Should a film that depicts scenes of explicit sex, torture and genital mutilation be shown in British cinemas? The film Antichrist was said to have caused some of the audience to faint when it was shown at Cannes. But it seems the British Board of Film Censors believes audiences here have stronger constitutions, and that Antichrist should be shown in all its uncut glory, albeit with an 18 certificate. But in an age when we can choose to view such material very easily on the internet, does censorship still have a place in our society? And, if so, how do we make judgments on what people should and should not see?
The distributors of Antichrist say it is a work of art by a talented director, and why should the fact that a few strange individuals may get a sexual thrill out of this film deny the majority the chance to see a work of art? Would the liberal critics still be as keen to argue against censorship if these scenes had been in a film made by a talented director of pornography?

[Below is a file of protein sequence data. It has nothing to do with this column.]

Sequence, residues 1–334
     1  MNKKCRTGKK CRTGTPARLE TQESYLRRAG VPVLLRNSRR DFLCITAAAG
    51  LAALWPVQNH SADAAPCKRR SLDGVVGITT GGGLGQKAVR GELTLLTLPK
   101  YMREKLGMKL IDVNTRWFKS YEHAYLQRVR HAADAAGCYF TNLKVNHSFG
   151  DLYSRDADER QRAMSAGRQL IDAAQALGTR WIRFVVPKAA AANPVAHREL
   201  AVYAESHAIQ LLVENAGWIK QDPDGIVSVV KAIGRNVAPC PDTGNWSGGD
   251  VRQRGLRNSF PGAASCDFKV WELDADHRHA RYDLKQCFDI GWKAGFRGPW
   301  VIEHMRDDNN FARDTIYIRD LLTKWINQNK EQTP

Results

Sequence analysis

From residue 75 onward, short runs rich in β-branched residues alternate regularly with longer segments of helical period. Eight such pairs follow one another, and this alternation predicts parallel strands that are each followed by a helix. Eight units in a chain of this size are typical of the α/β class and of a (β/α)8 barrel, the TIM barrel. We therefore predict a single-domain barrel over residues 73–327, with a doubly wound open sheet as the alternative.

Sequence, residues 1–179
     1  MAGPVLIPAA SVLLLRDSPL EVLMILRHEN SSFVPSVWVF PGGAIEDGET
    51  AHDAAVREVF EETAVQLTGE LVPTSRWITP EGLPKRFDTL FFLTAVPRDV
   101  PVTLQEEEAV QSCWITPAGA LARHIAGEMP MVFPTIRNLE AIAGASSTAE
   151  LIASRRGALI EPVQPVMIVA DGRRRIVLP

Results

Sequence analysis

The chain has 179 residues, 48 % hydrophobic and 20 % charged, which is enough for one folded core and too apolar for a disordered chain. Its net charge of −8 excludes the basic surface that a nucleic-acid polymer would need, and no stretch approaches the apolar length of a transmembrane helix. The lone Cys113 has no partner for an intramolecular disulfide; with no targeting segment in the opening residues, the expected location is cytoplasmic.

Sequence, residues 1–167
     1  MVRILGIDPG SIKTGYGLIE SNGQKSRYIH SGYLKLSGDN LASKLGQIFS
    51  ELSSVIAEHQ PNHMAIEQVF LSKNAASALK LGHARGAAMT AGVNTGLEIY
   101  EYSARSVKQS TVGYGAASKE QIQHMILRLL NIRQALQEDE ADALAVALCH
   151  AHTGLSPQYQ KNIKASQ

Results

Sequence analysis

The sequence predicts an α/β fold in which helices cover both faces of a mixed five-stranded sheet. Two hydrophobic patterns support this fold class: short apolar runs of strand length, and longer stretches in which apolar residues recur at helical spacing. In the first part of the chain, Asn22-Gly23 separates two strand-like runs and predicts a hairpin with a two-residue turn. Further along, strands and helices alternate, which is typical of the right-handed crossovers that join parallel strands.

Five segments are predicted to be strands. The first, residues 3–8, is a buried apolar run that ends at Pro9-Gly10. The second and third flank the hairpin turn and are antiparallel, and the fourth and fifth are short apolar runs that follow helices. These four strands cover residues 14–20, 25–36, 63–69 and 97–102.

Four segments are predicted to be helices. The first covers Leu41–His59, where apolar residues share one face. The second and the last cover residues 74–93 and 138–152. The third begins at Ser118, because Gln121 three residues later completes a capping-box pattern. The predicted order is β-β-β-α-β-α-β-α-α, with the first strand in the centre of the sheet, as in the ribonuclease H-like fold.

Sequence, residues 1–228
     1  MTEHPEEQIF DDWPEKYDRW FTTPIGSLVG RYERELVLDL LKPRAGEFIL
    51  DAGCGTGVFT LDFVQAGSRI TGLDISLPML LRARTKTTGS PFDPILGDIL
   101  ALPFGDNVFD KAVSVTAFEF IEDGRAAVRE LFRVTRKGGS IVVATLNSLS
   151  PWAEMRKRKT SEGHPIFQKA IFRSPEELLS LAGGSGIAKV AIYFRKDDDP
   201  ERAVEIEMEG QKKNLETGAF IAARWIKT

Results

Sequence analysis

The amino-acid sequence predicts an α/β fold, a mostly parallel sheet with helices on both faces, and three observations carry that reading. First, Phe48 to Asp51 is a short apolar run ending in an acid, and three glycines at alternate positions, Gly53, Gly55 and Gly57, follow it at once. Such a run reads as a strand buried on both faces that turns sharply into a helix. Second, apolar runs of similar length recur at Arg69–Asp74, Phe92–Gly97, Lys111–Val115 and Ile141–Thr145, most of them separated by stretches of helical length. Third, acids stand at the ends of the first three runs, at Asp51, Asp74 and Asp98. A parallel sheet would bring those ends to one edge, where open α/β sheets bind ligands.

The issue of content versus intent becomes even more complicated when images of children are involved. A number of art galleries in Britain have been raided by police after complaints about photographs featuring naked children which had been taken by recognised artists. The images themselves were nothing more than polished versions of photos that any parent might have. But what if the intent of the photographer had been to titillate, even if the images themselves were seemingly innocuous? And where does all this leave paintings, cartoons or animation?
Dr Edward Skidelsky, lecturer in Philosophy at Exeter University
Miranda Suit, co-founder of Media March
Fred Man, gallery director
Nigel Floyd, film critic.